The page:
Tuesday, November 17, 2020
Governor Baker Nominates Judge Serge Georges Jr. to the Supreme Judicial Court
Governor Charlie Baker today nominated Associate Justice for the Boston Municipal Court, Serge Georges, to serve as an Associate Justice on the Supreme Judicial Court. The nominee and his family joined Governor Baker and Lt. Governor Karyn Polito for a formal announcement today at the State House.“Judge Georges has served on the Boston Municipal Court with great distinction and treats all those that come before him with dignity and respect,” said Governor Baker. “His unique voice and real world experiences will improve the quality of discussion and debate on the Commonwealth’s highest court and I am pleased to nominate him.”
“Judge Georges’ rich background in and out of the courtroom, from his time in private practice to his experience on the drug court, will well serve the Massachusetts Supreme Judicial Court and all those that come before it,” said Lt. Governor Polito. “I have the utmost confidence that, if confirmed, Judge Georges will be an excellent addition to the SJC and I look forward to the advice and consent of my colleagues on the Governor’s Council.”
The Supreme Judicial Court is the Commonwealth's highest appellate court, consisting of the Chief Justice and six Associate Justices. The seven Justices hear appeals on a broad range of criminal and civil cases from September through May and issue written opinions that are posted online.
About Judge Serge Georges, Jr.:Judge Serge Georges serves as an Associate Justice of the Boston Municipal Court. He had a successful and diverse career as an experienced litigator prior to his appointment to the bench in 2013 by Governor Deval Patrick. Directly prior to his appointment, he managed his own successful solo practice concentrating in commercial and business litigation, criminal defense, and matters involving professional licensure and liability. He represented businesses and individuals in a wide range of civil disputes including breach of contract, fiduciary duty suits, employment matters, housing litigation and personal injury cases. In private practice, he also defended criminal cases, including motor vehicle offenses and violent and drug related charges. Prior to establishing his solo practice, Georges was a partner at Barron & Stadfeld, P.C., the Managing Director for Major, Lindsey & Africa, LLC, and an associate at both Todd & Weld and Rackemann, Sawyer & Brewster. He served on multiple boards during his legal career, including the Board of Governors of the Massachusetts Academy of Trial Lawyers, and he was the President of the Massachusetts Black Lawyers Association in 2013.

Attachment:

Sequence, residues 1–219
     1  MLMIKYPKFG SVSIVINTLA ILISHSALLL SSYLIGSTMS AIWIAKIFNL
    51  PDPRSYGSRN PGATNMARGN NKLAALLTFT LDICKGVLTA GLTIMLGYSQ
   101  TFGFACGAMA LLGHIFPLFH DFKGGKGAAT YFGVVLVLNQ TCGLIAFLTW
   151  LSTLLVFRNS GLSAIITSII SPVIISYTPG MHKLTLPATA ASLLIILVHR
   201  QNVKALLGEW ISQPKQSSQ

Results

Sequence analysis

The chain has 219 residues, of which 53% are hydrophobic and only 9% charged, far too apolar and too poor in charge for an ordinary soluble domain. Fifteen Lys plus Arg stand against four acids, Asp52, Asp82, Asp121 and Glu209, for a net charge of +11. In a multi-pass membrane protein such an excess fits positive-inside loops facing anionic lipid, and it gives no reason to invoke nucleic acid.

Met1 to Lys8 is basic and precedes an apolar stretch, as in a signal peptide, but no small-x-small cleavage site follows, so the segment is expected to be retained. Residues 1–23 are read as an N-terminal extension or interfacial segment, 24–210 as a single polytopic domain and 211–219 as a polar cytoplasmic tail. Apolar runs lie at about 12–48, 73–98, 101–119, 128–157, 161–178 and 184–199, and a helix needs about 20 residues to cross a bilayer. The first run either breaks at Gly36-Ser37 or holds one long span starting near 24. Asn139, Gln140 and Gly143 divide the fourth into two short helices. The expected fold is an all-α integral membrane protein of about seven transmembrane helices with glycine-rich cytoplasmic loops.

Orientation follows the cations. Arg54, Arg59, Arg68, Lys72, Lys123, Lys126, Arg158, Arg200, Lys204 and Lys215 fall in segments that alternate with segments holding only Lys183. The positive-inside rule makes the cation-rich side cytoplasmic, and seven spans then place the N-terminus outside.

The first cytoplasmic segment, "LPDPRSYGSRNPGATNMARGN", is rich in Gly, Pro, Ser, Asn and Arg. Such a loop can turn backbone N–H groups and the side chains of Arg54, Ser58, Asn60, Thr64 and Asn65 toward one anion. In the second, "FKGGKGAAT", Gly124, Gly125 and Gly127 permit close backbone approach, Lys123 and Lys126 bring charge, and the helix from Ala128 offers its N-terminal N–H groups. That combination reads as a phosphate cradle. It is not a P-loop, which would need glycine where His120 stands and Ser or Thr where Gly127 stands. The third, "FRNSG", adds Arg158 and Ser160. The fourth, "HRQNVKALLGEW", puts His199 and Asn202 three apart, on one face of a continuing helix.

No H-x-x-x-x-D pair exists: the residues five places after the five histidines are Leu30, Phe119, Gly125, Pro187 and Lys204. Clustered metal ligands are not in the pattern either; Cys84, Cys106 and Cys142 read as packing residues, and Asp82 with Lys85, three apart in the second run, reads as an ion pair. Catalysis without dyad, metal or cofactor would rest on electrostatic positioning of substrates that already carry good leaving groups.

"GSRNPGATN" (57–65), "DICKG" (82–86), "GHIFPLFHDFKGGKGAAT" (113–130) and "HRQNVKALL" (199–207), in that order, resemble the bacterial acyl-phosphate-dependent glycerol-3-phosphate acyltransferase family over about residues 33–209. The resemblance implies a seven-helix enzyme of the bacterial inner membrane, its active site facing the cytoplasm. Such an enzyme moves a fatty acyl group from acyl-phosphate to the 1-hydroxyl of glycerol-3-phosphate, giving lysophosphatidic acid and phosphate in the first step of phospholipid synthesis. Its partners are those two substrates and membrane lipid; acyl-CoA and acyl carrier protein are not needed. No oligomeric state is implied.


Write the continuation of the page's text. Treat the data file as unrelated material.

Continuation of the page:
In his role as Associate Justice of the Boston Municipal Court, over the last seven years, he has had jurisdiction over both criminal and civil matters, including housing matters, mental health hearings, restraining orders and small claims and civil litigation cases. Judge Georges sits in the Dorchester Division of the Boston Municipal Court, one of the most active and busiest urban courts in the Commonwealth. From 2014 to 2018, Judge Georges presided over the Dorchester Drug Court. The Dorchester Drug Court is a multidivisional team working with community providers, representatives from Suffolk Lawyers for Justice and the Suffolk County District Attorney’s Office to offer treatment options to those whose addictions have led them into the criminal justice system.
Judge Georges graduated from Boston College in 1992, and from Suffolk University Law School in 1996, where he has served as an adjunct professor for the past twenty years. At Suffolk Law he teaches courses in Professional Responsibility, Evidence and Trial Advocacy. He also teaches Trial Advocacy at UMass Law School. He attended Boston College High School and currently serves as vice-chair of the Board of Trustees for BC High, and remains involved with the school. In January of this year, BC High awarded Judge Georges The James E Cotter ’55 Courage Award. This award is presented to a member of the BC High Community in recognition of courage in the face of adversity, tenacious spirit and force of will. He grew up in Kane Square, in Dorchester, and currently resides in Randolph with his wife Michelle and his two daughters, Olivia and Samantha.
For more information about the Massachusetts Supreme Judicial Court, visit: http://www.mass.gov/courts/court-info/sjc/.